Is that a bearded dragon in your pocket or are you just happy to see me: walnut/Salmonella edition

Inspectors and investigators have the best stories and FDA’s move over the past few years to post warning letters is a goldmine for food safety stories. Like the one Gregory Banes of Gold State Nut LLC received earlier this month. According to the letter, Banes was tugging the skin of a bearded dragon in his office during an FDA visit. And then he went to touch some nuts.DnYEv

Three of 100 environmental swabs we collected from your facility yielded Salmonella. One of the swabs was taken from a cross-beam directly above the belt where all shelled walnuts exit the shell cracker. Our investigators observed debris falling from this cross-beam directly onto the belt below where walnuts exit the cracker during operation. All cracked walnuts pass under this cross-beam.

Two swabs collected from the inside of the reptile enclosure in your office yielded Salmonella. During an interview in your office located within the packing facility, our investigators observed you holding a bearded dragon reptile and peeling off its skin with your bare hands. Following this interview, you were seen touching shelled walnut meats with your bare hands, without first washing your hands. Reptiles are known reservoirs for Salmonella.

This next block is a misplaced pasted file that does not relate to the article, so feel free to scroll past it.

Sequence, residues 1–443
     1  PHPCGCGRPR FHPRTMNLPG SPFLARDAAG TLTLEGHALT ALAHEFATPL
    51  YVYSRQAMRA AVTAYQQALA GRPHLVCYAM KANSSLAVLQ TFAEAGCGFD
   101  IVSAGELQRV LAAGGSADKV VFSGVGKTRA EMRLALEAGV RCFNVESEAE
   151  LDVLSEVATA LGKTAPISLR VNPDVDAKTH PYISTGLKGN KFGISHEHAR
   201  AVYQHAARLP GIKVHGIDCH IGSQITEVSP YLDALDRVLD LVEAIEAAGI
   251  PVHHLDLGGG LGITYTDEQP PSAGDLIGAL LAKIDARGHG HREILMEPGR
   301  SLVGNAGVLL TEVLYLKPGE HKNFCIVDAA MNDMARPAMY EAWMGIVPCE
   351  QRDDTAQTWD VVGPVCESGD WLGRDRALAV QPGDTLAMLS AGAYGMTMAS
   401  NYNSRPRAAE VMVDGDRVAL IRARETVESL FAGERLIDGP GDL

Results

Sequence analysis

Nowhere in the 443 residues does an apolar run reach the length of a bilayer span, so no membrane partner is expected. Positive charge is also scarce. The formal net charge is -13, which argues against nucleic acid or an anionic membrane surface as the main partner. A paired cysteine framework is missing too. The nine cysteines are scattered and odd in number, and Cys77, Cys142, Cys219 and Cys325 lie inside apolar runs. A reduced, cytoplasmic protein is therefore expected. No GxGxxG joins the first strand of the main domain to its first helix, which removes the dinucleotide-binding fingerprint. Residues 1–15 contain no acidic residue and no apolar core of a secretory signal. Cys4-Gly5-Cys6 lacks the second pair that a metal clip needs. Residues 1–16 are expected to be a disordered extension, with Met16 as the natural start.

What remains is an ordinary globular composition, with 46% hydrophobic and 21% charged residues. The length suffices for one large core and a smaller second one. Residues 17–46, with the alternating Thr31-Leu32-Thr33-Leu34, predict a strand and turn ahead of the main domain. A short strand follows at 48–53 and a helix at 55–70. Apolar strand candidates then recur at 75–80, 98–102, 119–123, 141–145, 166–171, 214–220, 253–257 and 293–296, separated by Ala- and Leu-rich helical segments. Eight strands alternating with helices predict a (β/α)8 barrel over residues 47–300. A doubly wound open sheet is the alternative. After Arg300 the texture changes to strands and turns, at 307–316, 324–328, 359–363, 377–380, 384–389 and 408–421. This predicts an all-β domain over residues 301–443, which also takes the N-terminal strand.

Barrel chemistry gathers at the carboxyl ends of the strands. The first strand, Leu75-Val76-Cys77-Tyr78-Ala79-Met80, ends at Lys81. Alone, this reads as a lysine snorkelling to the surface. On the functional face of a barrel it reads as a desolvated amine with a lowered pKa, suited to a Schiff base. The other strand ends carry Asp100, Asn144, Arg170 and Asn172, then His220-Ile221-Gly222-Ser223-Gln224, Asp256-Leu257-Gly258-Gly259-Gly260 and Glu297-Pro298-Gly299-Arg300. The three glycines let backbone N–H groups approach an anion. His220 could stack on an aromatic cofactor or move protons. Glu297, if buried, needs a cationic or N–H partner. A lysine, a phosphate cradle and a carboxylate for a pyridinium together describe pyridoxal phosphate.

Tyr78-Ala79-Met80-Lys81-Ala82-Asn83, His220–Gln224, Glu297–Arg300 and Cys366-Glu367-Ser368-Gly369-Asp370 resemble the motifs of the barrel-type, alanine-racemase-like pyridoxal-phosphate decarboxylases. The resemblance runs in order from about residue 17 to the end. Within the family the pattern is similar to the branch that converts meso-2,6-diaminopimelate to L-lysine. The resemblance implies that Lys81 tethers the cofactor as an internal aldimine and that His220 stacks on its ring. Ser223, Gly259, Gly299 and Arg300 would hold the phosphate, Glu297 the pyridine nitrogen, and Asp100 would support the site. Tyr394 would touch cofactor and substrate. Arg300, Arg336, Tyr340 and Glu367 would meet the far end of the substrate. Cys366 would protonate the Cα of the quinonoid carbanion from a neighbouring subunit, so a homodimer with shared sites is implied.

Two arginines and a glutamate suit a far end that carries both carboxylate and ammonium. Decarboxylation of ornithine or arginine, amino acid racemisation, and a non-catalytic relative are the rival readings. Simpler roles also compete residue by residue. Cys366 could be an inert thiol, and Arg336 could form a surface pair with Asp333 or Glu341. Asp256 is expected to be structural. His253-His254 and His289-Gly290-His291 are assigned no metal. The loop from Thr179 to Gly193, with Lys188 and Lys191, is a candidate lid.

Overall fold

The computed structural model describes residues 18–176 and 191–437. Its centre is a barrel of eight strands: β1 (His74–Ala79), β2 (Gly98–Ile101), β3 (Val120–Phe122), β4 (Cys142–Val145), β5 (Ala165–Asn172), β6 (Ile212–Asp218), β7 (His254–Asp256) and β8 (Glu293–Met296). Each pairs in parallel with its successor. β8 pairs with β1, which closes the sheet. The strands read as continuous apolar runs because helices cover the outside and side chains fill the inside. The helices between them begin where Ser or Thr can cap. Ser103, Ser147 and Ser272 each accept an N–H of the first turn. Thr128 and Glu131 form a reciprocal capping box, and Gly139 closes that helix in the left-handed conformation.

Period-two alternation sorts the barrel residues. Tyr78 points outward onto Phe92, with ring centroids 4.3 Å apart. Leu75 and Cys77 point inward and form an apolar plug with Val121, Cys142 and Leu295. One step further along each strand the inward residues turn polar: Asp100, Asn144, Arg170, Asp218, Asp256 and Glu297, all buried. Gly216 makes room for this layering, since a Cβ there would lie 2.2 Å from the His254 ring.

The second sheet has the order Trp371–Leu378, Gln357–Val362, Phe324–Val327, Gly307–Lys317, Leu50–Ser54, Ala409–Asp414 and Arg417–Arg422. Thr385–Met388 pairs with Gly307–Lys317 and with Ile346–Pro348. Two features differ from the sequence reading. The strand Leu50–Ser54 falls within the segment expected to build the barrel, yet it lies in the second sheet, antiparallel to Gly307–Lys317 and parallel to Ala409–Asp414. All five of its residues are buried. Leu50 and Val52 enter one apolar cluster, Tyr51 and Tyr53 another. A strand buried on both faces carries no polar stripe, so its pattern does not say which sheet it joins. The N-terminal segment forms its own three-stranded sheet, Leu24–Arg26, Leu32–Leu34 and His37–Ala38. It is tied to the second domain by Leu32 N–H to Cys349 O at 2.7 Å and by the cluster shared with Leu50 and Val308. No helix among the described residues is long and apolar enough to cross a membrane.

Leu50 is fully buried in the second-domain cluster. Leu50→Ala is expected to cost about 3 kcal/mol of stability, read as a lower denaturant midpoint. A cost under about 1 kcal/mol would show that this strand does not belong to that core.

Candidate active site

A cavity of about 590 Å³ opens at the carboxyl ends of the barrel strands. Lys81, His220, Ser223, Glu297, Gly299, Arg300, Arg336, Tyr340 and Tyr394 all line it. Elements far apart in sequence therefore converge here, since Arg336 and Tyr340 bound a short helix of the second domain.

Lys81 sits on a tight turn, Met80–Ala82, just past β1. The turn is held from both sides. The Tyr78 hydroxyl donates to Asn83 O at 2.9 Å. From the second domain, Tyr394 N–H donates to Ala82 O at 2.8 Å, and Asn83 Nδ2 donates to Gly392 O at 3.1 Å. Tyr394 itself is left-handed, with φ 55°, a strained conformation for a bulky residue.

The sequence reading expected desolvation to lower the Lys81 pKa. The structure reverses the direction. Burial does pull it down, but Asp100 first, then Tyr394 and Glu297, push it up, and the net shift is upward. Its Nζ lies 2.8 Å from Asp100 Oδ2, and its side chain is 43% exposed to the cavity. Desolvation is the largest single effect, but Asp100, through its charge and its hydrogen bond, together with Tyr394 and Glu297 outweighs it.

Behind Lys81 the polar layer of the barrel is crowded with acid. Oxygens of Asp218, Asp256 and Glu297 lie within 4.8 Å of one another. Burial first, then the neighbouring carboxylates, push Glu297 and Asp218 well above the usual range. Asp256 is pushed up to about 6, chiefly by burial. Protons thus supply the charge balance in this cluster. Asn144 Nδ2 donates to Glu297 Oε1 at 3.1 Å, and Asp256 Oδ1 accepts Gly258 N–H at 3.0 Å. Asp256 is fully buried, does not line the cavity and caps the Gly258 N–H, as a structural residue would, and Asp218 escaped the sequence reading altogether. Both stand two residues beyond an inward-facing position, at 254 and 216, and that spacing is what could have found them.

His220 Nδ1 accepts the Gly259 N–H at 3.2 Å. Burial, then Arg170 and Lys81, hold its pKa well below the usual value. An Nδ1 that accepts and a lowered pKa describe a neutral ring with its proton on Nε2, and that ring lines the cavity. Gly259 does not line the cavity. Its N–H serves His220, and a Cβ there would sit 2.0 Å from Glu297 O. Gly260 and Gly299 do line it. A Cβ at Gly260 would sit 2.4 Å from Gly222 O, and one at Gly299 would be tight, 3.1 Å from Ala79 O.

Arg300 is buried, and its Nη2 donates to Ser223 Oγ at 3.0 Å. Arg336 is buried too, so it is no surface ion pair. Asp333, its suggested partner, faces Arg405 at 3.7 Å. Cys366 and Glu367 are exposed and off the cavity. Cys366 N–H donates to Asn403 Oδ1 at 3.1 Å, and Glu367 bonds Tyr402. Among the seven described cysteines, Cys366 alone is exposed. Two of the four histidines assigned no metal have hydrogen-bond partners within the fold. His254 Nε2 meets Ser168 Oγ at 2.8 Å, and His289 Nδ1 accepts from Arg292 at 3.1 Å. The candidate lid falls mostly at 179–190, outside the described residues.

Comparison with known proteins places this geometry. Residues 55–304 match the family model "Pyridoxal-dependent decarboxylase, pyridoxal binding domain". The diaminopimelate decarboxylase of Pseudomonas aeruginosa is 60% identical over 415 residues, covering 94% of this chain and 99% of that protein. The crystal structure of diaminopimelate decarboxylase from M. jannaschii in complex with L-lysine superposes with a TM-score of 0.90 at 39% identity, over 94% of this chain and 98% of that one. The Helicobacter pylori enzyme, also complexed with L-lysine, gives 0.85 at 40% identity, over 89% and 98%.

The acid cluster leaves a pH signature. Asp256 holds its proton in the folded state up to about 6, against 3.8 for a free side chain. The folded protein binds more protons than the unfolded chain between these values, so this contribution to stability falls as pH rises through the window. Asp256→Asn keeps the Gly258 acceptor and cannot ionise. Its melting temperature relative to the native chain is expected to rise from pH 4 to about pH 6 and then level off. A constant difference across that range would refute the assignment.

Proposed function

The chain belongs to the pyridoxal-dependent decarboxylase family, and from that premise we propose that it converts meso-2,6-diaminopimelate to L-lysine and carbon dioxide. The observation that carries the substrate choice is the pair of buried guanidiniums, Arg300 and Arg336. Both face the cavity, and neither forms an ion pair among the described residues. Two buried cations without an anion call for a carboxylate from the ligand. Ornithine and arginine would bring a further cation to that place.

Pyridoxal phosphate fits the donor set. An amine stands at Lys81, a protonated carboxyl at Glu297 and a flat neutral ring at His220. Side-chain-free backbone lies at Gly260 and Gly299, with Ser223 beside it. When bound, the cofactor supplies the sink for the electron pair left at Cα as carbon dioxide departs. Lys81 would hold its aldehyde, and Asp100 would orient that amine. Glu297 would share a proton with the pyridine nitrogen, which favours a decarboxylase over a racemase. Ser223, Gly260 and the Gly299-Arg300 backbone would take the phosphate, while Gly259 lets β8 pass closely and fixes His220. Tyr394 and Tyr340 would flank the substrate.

Beyond the dragon handling, the company had lots of risk issues including a lack of hand washing tools, and cross-contamination potential.

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About Ben Chapman

Dr. Ben Chapman is an associate professor and food safety extension specialist at North Carolina State University. As a teenager, a Saturday afternoon viewing of the classic cable movie, Outbreak, sparked his interest in pathogens and public health. With the goal of less foodborne illness, his group designs, implements, and evaluates food safety strategies, messages, and media from farm-to-fork. Through reality-based research, Chapman investigates behaviors and creates interventions aimed at amateur and professional food handlers, managers, and organizational decision-makers; the gate keepers of safe food. Ben co-hosts a biweekly podcast called Food Safety Talk and tries to further engage folks online through Instagram, Twitter, Facebook, YouTube and, maybe not surprisingly, Pinterest. Follow on Twitter @benjaminchapman.